Eventually we were relieved of some money – a very reasonable amount for what we’d had, I thought – so we trooped back through the deserted streets to the trolleybus stop with still not a sign of life anywhere; it felt like walking through a derelict wild west town and I almost expected to see a creaking saloon door and hear a doleful bell atop a timeworn belltower! Nothing so exciting happened, however, and we were soon sat in the bounding trolleybus as it hurtled for the city centre with the driver, presumably, desperate for a dump or to go home!
We changed from road to rail at Slovany NMH – tram 1’s terminus – for a final bout of railriding up to the northern terminus of Bory and back to the stop where we’d find our next beery target, the U Rytiře Lochoty brewpub, although on passing where my map said it should be we didn’t see a thing! To be fair, however, we weren’t helped by darkness having arrived; maybe it had closed, I thought, although the gen I’d read had been pretty recent and so I decided that we’d better check it out anyway.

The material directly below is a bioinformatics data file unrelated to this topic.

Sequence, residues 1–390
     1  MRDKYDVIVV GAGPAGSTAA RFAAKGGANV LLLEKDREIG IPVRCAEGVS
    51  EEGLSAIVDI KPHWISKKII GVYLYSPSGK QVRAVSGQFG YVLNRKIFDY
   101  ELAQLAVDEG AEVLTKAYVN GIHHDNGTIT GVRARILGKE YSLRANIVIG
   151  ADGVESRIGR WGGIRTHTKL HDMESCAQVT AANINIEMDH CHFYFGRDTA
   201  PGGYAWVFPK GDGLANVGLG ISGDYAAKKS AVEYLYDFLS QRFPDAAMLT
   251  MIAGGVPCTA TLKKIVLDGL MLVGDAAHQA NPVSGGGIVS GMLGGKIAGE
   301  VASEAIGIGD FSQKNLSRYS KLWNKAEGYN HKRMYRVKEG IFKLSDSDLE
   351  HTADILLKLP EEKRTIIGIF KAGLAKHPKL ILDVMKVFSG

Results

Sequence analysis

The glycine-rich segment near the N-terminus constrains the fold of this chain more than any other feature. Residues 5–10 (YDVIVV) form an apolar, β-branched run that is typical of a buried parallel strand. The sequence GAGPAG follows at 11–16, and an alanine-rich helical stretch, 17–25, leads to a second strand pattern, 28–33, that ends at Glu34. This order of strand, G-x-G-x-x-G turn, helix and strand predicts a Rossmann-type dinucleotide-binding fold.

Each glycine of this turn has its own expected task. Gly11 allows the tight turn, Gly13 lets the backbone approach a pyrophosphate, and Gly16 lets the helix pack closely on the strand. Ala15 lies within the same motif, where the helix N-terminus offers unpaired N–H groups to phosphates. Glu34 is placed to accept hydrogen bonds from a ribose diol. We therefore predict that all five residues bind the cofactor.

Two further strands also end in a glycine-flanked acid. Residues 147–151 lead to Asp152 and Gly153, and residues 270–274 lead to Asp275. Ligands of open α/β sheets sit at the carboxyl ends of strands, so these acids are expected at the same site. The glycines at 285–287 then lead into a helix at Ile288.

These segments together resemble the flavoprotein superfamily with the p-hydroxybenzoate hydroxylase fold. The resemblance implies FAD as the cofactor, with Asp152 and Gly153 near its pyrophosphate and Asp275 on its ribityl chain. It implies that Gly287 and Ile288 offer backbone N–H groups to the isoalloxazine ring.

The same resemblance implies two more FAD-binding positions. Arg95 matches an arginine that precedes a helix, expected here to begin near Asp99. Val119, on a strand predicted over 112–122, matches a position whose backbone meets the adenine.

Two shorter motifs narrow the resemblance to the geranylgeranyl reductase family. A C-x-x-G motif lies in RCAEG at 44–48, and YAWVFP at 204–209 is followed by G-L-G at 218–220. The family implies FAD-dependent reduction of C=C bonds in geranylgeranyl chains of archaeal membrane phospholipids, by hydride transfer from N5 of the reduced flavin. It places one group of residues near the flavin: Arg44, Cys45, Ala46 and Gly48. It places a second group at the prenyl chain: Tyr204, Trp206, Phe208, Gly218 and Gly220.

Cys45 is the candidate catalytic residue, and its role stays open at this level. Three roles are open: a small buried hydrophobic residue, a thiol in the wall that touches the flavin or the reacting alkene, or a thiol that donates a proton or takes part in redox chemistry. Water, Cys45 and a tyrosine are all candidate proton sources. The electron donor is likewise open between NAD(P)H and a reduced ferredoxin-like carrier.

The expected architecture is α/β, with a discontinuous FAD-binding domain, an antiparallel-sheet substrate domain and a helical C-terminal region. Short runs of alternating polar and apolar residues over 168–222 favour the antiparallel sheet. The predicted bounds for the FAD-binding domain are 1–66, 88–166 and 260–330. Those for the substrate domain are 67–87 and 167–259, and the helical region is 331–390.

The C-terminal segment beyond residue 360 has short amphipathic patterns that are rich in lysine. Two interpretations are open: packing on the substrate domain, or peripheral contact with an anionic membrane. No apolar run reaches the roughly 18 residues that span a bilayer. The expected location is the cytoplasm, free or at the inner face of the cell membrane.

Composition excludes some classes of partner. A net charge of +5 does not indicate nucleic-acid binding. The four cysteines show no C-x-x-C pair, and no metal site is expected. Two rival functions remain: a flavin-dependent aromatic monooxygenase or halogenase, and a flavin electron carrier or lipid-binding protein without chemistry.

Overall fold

We alighted at Sokolovská and took stock of our situation: we were in the middle of a dual carriageway in rush hour and it had started to spit with rain, plus we weren’t sure if my map had the pub in the correct place or not so we might – or might not – be within 100 metres of it. Despite this unpromising prognosis I’d soon located a likely looking candidate just down the hill so we trooped across to see if this was our target; as we got closer the building magically transformed into a low-slung roadside bar although it was fronted by an impenetrable-looking hedge which had been the cause of our failure to spot it from the passing tram earlier, but all that was now forgotten as we stomped up the wooden steps into an unexpectedly spacious interior full of people partaking of the bar’s victuals.